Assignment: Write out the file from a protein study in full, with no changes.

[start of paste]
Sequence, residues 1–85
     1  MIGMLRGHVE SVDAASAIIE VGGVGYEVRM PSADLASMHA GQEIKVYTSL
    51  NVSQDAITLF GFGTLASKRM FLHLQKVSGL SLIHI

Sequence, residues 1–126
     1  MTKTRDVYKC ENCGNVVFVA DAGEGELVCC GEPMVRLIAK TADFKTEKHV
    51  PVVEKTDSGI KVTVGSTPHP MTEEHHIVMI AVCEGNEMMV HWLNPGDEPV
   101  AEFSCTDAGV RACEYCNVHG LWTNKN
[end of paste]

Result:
Sequence, residues 1–85
     1  MIGMLRGHVE SVDAASAIIE VGGVGYEVRM PSADLASMHA GQEIKVYTSL
    51  NVSQDAITLF GFGTLASKRM FLHLQKVSGL SLIHI

Sequence, residues 1–126
     1  MTKTRDVYKC ENCGNVVFVA DAGEGELVCC GEPMVRLIAK TADFKTEKHV
    51  PVVEKTDSGI KVTVGSTPHP MTEEHHIVMI AVCEGNEMMV HWLNPGDEPV
   101  AEFSCTDAGV RACEYCNVHG LWTNKN